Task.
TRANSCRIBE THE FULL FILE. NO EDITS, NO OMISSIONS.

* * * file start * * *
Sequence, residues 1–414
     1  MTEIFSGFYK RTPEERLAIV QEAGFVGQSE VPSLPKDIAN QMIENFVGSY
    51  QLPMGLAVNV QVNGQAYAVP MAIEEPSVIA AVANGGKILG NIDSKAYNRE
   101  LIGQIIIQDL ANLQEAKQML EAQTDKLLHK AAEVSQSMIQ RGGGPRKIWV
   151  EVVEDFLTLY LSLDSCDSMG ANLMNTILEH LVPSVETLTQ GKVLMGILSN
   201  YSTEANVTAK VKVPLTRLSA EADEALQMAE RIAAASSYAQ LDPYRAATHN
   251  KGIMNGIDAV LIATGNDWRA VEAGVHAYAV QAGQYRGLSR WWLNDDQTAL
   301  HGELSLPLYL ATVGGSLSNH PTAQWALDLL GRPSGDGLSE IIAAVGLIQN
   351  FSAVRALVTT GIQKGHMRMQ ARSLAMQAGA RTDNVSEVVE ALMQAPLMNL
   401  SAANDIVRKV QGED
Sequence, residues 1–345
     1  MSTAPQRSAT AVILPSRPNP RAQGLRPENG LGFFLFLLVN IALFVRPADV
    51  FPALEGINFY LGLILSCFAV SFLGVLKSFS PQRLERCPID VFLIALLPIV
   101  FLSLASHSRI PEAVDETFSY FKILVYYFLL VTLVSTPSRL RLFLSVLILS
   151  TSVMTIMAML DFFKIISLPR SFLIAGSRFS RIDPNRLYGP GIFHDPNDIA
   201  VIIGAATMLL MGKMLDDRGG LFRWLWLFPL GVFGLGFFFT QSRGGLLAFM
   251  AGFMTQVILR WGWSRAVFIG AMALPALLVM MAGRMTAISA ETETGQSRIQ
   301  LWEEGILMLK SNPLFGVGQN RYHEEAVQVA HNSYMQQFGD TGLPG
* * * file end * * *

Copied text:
Sequence, residues 1–414
     1  MTEIFSGFYK RTPEERLAIV QEAGFVGQSE VPSLPKDIAN QMIENFVGSY
    51  QLPMGLAVNV QVNGQAYAVP MAIEEPSVIA AVANGGKILG NIDSKAYNRE
   101  LIGQIIIQDL ANLQEAKQML EAQTDKLLHK AAEVSQSMIQ RGGGPRKIWV
   151  EVVEDFLTLY LSLDSCDSMG ANLMNTILEH LVPSVETLTQ GKVLMGILSN
   201  YSTEANVTAK VKVPLTRLSA EADEALQMAE RIAAASSYAQ LDPYRAATHN
   251  KGIMNGIDAV LIATGNDWRA VEAGVHAYAV QAGQYRGLSR WWLNDDQTAL
   301  HGELSLPLYL ATVGGSLSNH PTAQWALDLL GRPSGDGLSE IIAAVGLIQN
   351  FSAVRALVTT GIQKGHMRMQ ARSLAMQAGA RTDNVSEVVE ALMQAPLMNL
   401  SAANDIVRKV QGED
Sequence, residues 1–345
     1  MSTAPQRSAT AVILPSRPNP RAQGLRPENG LGFFLFLLVN IALFVRPADV
    51  FPALEGINFY LGLILSCFAV SFLGVLKSFS PQRLERCPID VFLIALLPIV
   101  FLSLASHSRI PEAVDETFSY FKILVYYFLL VTLVSTPSRL RLFLSVLILS
   151  TSVMTIMAML DFFKIISLPR SFLIAGSRFS RIDPNRLYGP GIFHDPNDIA
   201  VIIGAATMLL MGKMLDDRGG LFRWLWLFPL GVFGLGFFFT QSRGGLLAFM
   251  AGFMTQVILR WGWSRAVFIG AMALPALLVM MAGRMTAISA ETETGQSRIQ
   301  LWEEGILMLK SNPLFGVGQN RYHEEAVQVA HNSYMQQFGD TGLPG